Cooperstown Confidential – Review

Zev Chafets. Cooperstown Confidential: Heroes, Rogues, and the Inside Story of the Baseball Hall of Fame. New York: Bloomsbury, 2009. Print.

This conversational look at the goings on of the Baseball Hall of Fame has its points of interest. The best parts are simply when the author is describing chats or interviews that he had with a variety of people. We get little views of baseball players, team owners, memorabilia dealers, and record keepers.

Perhaps the most interesting people, because they are the least known, are what Cooperstown Confidential calls the monks. These are the people who maintain all the museum souvenirs and player records in the Hall of Fame. They answer about 60,000 questions a year and otherwise keep track of what went on and goes on in American baseball, especially the major leagues.

The book shares anecdotes, mostly unsavory ones, about some of the players in the Hall of Fame. However, the focus is primarily on people who had been or currently are kept out of the Hall of Fame. It tells of the injustice of keeping Negro League players out but seems mostly satisfied that the Hall, however awkwardly, has corrected this oversight.

The author goes on in some detail about the Clark family, one of the heirs of the Singer sewing machine fortune, that was and is the financial and ethical backer of the Hall of Fame. The author suggests that there might be something scandalous about the relationship of the Clarks to the Hall, but there is not. Indeed, it appears that the family, currently represented by Jane Forbes Clark, is committed to keeping the Hall family friendly and Cooperstown a small town. That might seem provincial to an international journalist like the author, but provincial is not the same as scandalous.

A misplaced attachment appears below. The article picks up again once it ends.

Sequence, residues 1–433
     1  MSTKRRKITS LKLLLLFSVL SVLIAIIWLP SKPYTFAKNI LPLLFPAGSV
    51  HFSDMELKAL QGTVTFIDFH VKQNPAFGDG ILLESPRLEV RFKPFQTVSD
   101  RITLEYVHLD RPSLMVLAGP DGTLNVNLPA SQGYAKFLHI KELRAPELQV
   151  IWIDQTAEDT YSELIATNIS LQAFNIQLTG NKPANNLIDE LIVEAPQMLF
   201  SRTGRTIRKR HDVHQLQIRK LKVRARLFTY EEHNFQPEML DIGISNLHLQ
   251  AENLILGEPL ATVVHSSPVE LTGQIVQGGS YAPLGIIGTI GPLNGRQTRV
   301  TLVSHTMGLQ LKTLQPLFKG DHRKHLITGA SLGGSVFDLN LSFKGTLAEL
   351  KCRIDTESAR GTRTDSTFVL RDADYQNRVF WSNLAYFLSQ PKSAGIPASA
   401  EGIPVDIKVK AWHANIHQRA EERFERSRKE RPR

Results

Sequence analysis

The author does document how the myth of Abner Doubleday’s “invention” of baseball in 1839 came about. Most people today recognize that the story is bogus, but that, too, is hardly scandalous. It was created during a time of well-publicized hokum like P. T. Barnum’s museums or Billy Cody’s wild west shows. The Hall itself did not appear until much later.

The first half of the book contains gossipy background. It is fun to read, though on the light side. The second half attempts to develop a thesis, namely, that Pete Rose and players who used steroids and illegal drugs should be considered for the Hall of Fame. His argument is that other Hall of Fame players were not exactly saints. In the eighties and nineties “everyone was doing it” so what is the big deal? That may be an oversimplification, but that is the gist of the argument.

There are a couple of anecdotes in this part of the book that do perhaps help the reader at least see a different perspective. Barry Bonds believes he has been blackballed from the Hall because he is black. In an earlier generation, Hank Aaron was threatened because of his race (though he did make the Hall on the first ballot).

My initial reaction was one of surprise. I had seen it as a question of drugs, not race. The other names usually thought of not being admitted because of steroids are Clemens, McGwire, Sosa, and Canseco—two whites and two Latinos.

However, Chafets cites a poll which shows that African Americans have a different view of things. He says that 54% of African Americans but only 20% of others believe Bonds is being discriminated against because of his race. Whether the reader agrees with Chafets appeal to give steroid users a pass, this poll reminds all readers that African Americans see things in the culture differently from other Americans.

A high school American history teacher at the school where I teach used to ask students to ask their parents what they considered the most significant events in their lifetimes. At the time (2002 to 2006) most of the parents were born in the fifties or sixties. Parents mentioned a number of events like the Kennedy assassination, the first man on the moon, the fall of the U.S.S.R. (or related events like the tearing down of the Berlin Wall), the Civil Rights movement, the Vietnam War, among others.